PackMojo Custom Packaging

Packaging Glossary

Varnish vs Lamination

Varnish vs Lamination

Varnish and lamination are two types of finishes that can be added to your printed materials such as packaging boxes or book covers. These finishes are also known as coating and the main purpose is to protect the ink and print from scratches, dirt, and fingerprints.


One of the most common varnishes used today is called an aqueous varnish. This is a water-based varnish that is applied to your printed artwork to help seal the ink. Aqueous varnishes are available in a matte or glossy style, which are the most common and economical options in packaging. If you're looking for sustainable finishes, an aqueous varnish is your best bet. Other types of aqueous varnishes include UV varnish and soft touch.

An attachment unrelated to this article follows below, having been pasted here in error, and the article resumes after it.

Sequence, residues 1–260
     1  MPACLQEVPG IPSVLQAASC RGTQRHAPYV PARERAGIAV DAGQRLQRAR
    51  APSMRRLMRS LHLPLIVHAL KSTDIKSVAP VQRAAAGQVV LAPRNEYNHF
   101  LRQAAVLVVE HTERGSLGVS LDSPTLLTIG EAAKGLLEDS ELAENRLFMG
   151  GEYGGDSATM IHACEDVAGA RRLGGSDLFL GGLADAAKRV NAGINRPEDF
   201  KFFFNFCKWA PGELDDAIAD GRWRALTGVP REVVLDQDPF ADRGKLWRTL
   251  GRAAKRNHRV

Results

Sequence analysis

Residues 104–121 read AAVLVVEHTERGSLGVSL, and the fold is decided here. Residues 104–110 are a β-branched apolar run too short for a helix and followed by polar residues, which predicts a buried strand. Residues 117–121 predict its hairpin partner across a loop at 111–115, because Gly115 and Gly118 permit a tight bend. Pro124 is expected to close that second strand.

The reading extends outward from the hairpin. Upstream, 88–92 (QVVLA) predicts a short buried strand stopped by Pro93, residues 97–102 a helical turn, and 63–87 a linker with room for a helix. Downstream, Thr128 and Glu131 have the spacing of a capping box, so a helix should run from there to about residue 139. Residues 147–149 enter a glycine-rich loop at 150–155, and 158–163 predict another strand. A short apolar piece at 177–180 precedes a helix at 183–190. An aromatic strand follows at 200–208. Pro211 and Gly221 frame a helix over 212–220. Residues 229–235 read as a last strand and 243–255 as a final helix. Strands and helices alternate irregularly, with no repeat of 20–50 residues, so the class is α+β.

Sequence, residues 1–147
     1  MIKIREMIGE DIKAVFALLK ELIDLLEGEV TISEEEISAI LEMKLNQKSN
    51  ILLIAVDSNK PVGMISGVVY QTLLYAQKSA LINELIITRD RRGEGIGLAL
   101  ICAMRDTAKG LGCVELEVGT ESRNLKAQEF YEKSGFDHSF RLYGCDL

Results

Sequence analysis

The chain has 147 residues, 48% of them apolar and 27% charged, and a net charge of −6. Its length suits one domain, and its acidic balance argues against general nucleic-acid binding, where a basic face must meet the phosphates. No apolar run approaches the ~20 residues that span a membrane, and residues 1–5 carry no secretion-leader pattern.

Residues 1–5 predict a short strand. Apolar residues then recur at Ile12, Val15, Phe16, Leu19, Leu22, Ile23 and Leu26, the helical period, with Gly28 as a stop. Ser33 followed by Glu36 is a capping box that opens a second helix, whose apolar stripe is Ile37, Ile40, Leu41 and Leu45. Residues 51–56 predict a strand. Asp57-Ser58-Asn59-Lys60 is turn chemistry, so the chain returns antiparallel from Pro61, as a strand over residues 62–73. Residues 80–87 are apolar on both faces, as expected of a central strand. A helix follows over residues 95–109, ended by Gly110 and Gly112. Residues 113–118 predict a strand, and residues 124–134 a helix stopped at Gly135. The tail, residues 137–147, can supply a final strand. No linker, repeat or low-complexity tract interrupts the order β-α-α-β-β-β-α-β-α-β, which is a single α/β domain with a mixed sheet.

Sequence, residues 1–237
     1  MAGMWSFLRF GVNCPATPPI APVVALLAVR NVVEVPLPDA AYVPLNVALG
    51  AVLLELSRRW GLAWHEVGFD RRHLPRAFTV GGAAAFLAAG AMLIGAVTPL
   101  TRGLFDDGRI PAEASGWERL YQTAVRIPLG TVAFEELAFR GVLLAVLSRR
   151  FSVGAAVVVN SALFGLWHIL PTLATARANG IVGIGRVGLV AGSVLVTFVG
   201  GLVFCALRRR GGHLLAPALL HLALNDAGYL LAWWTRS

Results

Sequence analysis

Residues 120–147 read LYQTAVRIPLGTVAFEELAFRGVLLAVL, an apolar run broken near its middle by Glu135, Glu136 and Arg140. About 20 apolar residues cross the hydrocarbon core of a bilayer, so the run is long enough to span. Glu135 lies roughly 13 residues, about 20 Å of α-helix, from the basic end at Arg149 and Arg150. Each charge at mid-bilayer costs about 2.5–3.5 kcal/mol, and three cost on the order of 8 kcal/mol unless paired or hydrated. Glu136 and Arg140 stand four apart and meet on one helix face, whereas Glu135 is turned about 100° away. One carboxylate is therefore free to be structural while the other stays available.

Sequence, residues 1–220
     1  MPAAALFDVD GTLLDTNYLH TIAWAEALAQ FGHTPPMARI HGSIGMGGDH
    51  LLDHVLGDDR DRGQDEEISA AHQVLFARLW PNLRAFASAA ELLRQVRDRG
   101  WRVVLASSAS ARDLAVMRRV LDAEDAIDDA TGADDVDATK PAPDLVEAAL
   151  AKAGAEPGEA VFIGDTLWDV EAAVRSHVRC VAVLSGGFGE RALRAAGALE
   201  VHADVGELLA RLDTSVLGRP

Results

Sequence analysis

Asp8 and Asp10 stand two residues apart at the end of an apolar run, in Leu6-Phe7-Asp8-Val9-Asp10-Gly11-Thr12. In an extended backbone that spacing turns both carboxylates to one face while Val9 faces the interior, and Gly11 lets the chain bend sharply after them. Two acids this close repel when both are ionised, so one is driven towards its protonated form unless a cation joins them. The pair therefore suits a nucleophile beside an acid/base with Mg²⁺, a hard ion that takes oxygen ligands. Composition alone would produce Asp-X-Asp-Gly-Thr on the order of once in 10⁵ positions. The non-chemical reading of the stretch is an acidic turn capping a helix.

Lamination is the process of applying a clear plastic film (e.g. polypropylene) to your printed artwork to protect it and enhance its appearance. Lamination provides the highest degree of protection for your print (more so than varnish), and greatly minimizes the appearance of small cracks or tears, especially when it comes to thicker materials. The most common lamination styles include matte lamination (smooth) and glossy lamination (shiny). Most rigid boxes have a matte lamination, which adds to the premium aspect of your packaging.

When to use varnish or lamination

Lamination is more costly and less eco-friendly, but offers more protection and superior effects. Its usage of plastic makes it an inferior option if you place great importance on sustainability. Varnish is cheaper and more eco-friendly, but offers a lower degree of protection compared to lamination.

Varnish Lamination
Quality Less protection More protection
Price Cheaper More expensive
Eco-friendliness More eco-friendly Less eco-friendly